3. While those on the right side of the aisle may not like the plan of 6 years of increased taxes – those on the left will need to accede to no more increases in the debt ceiling.  We simply have  to live within our means. At some point the people in this country need decide what poverty really looks like.  I do not mean to sound draconian – but who is poor? What really decides when the government needs to step in?   Who is really disabled? The Social Security Administration reports that the percentage of our population on disability has gone from 1.5% of americans to 6% of americans.  Now that cannot be correct.  I am sure the truth is somewhere in the middle.  Where help is truly needed the government truly should help.  Where it serves as a crutch or worse yet creates a welfare mentality it is anathema to our way of life.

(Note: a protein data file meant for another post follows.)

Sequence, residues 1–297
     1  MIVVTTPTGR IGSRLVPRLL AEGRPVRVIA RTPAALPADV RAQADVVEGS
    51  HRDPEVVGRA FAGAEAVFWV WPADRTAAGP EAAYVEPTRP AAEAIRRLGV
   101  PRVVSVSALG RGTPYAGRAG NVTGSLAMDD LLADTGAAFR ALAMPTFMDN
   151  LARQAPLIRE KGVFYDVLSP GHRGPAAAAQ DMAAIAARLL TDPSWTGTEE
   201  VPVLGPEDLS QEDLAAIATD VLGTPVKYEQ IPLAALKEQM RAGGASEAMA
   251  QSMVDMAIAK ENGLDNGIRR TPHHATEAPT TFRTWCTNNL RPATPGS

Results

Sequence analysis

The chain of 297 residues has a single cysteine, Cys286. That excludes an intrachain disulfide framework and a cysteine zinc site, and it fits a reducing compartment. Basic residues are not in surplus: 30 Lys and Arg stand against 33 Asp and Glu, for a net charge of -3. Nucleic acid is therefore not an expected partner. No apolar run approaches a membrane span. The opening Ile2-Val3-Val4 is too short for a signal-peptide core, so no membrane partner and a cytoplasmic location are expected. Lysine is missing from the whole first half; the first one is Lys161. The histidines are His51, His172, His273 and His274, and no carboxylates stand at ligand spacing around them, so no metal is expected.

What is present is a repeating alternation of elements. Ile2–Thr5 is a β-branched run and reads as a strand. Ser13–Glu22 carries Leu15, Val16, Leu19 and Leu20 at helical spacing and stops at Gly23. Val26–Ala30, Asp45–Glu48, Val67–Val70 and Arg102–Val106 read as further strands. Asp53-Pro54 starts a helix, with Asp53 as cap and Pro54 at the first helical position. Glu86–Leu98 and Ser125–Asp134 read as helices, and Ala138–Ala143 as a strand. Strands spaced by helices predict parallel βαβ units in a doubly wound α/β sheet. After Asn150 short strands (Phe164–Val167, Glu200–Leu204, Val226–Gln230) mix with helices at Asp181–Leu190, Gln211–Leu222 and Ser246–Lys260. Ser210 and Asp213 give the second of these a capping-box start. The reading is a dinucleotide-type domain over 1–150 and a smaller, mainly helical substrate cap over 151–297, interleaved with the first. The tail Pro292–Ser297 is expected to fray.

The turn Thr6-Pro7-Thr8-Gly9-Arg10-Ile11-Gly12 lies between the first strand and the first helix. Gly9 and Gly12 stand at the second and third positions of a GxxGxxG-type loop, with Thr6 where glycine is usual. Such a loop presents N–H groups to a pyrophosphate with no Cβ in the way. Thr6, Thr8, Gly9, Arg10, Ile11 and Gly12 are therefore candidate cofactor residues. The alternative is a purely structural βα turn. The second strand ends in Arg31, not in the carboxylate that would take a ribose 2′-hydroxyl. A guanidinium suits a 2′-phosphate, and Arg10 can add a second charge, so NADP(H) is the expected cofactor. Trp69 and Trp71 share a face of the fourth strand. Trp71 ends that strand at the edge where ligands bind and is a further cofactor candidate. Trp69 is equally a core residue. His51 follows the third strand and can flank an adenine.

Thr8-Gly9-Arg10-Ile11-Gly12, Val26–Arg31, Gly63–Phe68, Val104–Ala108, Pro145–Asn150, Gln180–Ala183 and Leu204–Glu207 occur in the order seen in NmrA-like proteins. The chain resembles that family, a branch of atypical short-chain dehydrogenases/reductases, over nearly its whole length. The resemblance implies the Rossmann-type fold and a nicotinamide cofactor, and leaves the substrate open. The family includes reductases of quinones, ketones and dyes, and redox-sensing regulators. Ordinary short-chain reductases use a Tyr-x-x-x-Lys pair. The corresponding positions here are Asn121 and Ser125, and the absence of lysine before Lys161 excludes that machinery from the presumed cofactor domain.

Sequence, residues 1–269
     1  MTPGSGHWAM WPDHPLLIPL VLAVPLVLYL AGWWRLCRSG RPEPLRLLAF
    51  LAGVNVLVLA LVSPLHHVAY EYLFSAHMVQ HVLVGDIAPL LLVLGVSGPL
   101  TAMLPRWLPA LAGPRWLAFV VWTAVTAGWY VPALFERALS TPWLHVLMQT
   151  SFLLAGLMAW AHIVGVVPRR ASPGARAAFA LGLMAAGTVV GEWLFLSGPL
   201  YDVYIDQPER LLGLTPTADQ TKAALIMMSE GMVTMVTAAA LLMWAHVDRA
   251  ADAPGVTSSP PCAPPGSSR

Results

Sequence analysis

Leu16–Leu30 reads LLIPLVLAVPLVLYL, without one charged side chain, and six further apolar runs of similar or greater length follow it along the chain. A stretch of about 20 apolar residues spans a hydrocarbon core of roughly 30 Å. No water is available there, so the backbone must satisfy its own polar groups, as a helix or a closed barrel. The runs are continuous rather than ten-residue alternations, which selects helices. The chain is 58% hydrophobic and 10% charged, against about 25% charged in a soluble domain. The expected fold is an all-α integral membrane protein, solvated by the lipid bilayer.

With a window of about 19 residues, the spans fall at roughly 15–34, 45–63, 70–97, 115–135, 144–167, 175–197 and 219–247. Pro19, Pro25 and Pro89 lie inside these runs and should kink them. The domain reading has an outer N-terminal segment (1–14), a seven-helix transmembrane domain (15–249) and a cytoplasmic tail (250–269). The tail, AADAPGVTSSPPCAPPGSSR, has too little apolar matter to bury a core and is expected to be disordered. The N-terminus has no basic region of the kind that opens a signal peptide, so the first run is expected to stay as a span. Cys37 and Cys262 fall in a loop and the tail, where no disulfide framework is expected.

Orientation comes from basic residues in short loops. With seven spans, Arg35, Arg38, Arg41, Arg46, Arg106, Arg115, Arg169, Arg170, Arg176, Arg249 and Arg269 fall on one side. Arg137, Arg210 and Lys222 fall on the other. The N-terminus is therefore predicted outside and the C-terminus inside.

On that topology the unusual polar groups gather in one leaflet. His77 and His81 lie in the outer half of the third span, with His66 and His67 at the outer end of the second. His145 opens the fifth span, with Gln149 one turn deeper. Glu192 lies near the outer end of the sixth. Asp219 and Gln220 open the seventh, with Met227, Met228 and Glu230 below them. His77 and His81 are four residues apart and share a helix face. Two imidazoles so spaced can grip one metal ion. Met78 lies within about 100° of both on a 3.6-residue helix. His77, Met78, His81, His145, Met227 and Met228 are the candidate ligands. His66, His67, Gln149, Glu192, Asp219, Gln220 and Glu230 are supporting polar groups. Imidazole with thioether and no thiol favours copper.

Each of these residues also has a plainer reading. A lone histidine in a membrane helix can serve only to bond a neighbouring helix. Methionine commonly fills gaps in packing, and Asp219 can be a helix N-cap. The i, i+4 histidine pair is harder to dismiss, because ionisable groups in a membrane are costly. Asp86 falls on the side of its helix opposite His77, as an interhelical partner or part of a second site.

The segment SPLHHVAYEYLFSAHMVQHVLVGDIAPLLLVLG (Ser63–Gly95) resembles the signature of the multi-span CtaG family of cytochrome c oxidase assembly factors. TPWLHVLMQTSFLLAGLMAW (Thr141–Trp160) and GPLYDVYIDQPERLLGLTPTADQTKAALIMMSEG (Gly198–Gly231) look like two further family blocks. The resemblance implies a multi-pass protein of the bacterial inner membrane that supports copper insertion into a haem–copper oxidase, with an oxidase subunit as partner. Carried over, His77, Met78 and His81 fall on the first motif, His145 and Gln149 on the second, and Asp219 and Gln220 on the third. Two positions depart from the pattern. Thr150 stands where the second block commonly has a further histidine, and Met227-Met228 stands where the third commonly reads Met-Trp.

4.  And just as welfare for those who could work is a bad idea, an even worse idea is the corporate welfare lobbying cabal.  I want to fight this three ways.  An amendment to the Constitution that would extend the U.S. House of Representative’s terms to 4 years, thus decreasing the influence of money in electing the members of the people’s house.  I am tonite proposing we limit our elections to just 12 weeks of campaigning: including primary and general elections.  This approach has worked successfully in other countries and I see no reason why it cannot work here in the United States. It will again decrease the influence of money in politics.  The last two decades has been the height of what has become a kleptocracy by corporations through loopholes, pork and special subsidies.  Unless those subsidies protect an industry vital to the United States security those subsidies need to be abolished. The way Washington ineffectively works is directly linked to our fiscal condition. I came here to protect the great number of americans stuck in the middle and trust me neither the right nor the left has had their best interests in mind.